But I do understand Tamar’s desire to tour and eat her way around the world (although I am not sure she would quite put it like that).  I just prefer traveling without leaving my kitchen.

Here are some wonderfully exotic, world inspired recipes  – thanks to the help of some of my friends – that you can recreate from the comfort of your kitchen.

See Tamar – I do get out some… or at least my friends do!


English Summer Pudding Cake

“English Summer pudding cakes are classic molded desserts that alternate layers of cake or bread, fruit and custard. It is a classic British dessert that is somehow a cross between a cake and a pie. It is best to use fresh fruit and is great way to use the fruits of Summer when they are plentiful. Frozen fruits work great though and make the recipe even easier to make any time of year. This dessert is deceptively easy. It looks so gorgeous, but you don’t even need a measuring cup to get this right. All you need is a nice mold, I used a flower pot and some patience, it has to set for at least 12 hours. Oh, you can wait. The best part of this recipe is you don’t need a measuring cup.”  – Iton Ochel

Click here for 107 more English and Irish recipes.


Swiss Chard Tart

Swiss Chard, Pear & Gruyère Tart

“One of my favorite lunches is a savory tart accompanied by a green salad. A few years ago, I spent several weeks working on a pastry assignment in Cascais, a small seaside town outside of Lisbon, Portugal. It was a quaint beach town with cobblestone streets and outdoor cafés that catered to the many tourists who flooded the town in the summer. Tucked away on a side street was an eclectic French café that served incredible lunches. The menu, which changed daily, was mostly composed of savory tarts, tartines, and salads. It soon became my hangout spot and to this day is the inspiration for many of the savory tarts I make.“ – Aran Goyoaga

Click here  for 292 more French recipes.


Sauerbraten – Classic Roast Beef with Apples and Raisins

“Classic German roast, my mom’s favorite for special occasions and holidays. I love to prepare it for Rosh Hashanah with apples, raisins and dried fruit like apples, apricots and figs that add a wonderful aroma and flavor to the meat. It’s a sweet and sour flavor, and the meat is so tender after being marinated for 3 days. If you don’t have enough time, at least try to marinate for a day.” – Tom Franz

Click here for more 17 more German recipes.



“Polenta has been eaten in Northern Italy for at least 3,000 years! It was initially made with spelt; once the Venetians introduced maize after the discovery of America, it became the ingredient of choice. If you have only tried the instant version, you need to upgrade to the real thing! Polenta tastes wonderful when served with either earthy stews or flavorful cheeses and stewed mushrooms.” – Alessandra Rovati

Click her for 569 more Italian recipes.


Slow Cooker Sausage and Chicken Jambalaya

“A Louisianne Creole dish of Spanish and Fench influence… Jambalaya is traditionally made in three parts, with meat and vegetables and is completed by adding stock and rice.” – Wikipedia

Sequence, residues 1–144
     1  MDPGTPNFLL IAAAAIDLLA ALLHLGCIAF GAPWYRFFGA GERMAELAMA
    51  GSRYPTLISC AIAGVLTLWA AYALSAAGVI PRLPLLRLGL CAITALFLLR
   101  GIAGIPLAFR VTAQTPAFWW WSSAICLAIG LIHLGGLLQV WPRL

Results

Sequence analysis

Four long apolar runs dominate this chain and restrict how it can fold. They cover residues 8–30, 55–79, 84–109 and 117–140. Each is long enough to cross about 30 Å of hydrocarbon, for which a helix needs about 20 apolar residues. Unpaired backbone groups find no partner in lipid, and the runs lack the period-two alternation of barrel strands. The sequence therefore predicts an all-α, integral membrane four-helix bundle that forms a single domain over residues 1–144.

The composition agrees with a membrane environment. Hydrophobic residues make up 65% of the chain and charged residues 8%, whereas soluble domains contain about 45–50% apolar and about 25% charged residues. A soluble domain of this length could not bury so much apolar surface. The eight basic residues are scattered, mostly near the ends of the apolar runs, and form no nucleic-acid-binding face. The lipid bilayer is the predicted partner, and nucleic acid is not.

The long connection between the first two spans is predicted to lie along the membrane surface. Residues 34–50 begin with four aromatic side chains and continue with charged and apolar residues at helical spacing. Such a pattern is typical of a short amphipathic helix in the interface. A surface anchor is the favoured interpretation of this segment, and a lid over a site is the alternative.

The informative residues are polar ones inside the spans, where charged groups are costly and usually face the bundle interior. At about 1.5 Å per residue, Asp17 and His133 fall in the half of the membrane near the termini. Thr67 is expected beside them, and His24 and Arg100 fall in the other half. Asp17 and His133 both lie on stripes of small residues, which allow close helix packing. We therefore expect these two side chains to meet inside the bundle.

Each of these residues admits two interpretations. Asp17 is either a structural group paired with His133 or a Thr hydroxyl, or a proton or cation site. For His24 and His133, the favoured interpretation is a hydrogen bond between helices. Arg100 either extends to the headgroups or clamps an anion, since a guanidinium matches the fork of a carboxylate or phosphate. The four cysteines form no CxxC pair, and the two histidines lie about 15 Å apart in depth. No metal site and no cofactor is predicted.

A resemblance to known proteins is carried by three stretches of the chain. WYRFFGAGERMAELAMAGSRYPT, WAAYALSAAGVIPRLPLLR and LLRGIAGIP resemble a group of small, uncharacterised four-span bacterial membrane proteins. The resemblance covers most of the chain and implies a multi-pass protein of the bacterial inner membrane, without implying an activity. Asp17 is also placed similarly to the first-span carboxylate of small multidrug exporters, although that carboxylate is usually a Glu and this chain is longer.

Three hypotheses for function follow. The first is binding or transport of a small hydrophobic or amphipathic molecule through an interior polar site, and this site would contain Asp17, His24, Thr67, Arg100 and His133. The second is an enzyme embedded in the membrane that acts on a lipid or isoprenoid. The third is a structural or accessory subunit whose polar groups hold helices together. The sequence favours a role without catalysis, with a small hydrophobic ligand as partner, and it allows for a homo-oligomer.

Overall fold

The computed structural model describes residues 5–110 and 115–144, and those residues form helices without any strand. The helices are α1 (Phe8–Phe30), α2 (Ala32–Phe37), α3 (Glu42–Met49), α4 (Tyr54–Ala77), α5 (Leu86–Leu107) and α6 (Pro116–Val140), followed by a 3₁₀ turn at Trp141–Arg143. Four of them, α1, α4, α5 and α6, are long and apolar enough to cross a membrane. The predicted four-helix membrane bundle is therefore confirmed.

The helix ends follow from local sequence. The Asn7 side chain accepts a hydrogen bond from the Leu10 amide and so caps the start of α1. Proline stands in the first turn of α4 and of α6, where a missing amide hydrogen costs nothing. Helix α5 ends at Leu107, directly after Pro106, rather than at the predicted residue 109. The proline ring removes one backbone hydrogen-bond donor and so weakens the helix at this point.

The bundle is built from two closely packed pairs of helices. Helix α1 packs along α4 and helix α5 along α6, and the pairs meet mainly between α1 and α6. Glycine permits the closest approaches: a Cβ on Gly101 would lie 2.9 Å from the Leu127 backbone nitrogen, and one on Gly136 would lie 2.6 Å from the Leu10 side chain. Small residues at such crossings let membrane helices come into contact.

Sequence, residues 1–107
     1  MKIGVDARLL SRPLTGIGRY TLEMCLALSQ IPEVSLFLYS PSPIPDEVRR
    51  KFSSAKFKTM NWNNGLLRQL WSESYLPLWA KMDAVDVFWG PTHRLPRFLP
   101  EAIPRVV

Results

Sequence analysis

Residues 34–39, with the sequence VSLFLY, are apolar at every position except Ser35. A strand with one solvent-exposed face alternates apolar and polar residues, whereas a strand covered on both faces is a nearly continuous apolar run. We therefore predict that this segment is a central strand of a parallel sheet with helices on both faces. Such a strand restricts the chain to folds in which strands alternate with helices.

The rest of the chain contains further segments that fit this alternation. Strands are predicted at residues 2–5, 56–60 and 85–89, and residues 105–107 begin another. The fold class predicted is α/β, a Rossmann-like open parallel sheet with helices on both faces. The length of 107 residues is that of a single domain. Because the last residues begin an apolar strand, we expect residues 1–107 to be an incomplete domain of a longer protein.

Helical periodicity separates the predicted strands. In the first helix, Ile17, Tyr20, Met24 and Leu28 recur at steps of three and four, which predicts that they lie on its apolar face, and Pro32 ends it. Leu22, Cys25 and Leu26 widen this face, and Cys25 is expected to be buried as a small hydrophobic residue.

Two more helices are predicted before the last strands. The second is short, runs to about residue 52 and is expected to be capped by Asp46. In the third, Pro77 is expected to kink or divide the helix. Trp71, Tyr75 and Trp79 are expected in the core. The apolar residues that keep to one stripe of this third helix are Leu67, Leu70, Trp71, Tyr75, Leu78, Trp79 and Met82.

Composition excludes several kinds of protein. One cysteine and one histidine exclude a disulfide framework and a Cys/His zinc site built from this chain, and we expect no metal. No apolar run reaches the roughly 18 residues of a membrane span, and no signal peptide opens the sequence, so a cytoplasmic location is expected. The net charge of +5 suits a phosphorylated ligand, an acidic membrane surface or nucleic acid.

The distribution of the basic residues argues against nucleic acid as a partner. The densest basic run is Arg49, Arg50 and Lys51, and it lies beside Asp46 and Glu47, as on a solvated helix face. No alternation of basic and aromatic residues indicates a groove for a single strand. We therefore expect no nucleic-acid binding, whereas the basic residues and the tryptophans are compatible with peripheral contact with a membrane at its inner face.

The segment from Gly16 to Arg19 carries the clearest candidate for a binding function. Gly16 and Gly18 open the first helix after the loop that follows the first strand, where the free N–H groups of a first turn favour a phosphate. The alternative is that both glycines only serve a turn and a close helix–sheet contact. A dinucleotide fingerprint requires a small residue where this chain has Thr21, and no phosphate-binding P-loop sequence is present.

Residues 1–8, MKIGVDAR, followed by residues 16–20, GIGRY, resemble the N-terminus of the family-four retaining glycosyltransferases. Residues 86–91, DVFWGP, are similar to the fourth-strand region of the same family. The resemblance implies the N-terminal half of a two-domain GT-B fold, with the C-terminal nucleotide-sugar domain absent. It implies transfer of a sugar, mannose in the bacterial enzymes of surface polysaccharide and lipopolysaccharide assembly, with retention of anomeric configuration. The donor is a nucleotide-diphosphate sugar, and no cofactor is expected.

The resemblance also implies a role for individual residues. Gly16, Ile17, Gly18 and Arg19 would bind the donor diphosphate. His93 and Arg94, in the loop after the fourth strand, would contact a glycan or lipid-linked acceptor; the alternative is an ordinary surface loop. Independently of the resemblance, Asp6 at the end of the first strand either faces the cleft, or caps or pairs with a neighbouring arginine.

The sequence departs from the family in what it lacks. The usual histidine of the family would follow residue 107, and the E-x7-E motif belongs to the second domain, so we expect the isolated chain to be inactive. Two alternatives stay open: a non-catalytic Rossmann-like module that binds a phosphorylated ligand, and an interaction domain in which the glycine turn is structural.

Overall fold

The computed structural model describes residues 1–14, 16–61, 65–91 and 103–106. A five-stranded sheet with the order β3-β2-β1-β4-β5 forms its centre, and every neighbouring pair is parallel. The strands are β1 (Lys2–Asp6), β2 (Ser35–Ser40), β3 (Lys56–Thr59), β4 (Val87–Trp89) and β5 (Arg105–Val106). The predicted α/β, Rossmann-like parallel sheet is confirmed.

Click here for 8 more Cajun and Creole recipes.


chicken filled brik

Moroccan Chicken-Filled Brik

With Saffron Orange Honey Brik is the North African version of the boreka, typically consisting of a thin dough around a filling and usually deep fried.

Click here for 58 more Moroccan recipes.


Ropa Vieja

Ropa Vieja

The archipelago of The Canary Islands, though just off the coast of Africa, is officially part of Spain. The islands would be the last stop ships made on their way to The New World, and the first stop on their way back. This meat dish originated there and made its way to both Spain and Latin America.

Click here for 79 more Spanish recipes.


Teriayki Beef Banh Mi with Sesame Cucumber Salad

Teriyaki Beef Banh Mi with Sesame Cucumber Salad

This tasty meal is a take on a traditional Vietnamese sandwich and a great way to use leftover beef you grilled the night before. If you don’t have any leftovers, simply grill skirt steak or flank steak marinated in teriyaki sauce and cool completely. This sandwich would be great with rotisserie chicken as well!

Click here for 406 more Asian recipes.

Now if only I could have earned frequent flier miles for all of that!



Cooking A Balinese Feast


February 2nd 2015

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On my recent vacation in Bali, I relaxed, shopped, went to the spa, made jewelry and learned to cook.

The Caraway Cooking Class teaches all kinds of cooking classes and is located near Nusa Dua in Bali.  That is where I learned to make my own spring rolls, use a mortar and pestle, wrap food in a banana leaf and make spicy sambal.

After the vegetarian cooking class I had the chance to meet up with Chef Kardino Zulhaidi, the head chef at the Conrad in Bali.  He has traveled the world, but recently came back to his birthplace, Bali.  The chef explained that the cuisine throughout Indonesia varies by the region and Balinese food stands on its own.  While Mie Goreng and Nasi Goreng, fried noodles and rice, are traditional Indonesian dishes, they are not really Balinese.  He said that Bali cuisines is more fresh, lighter food.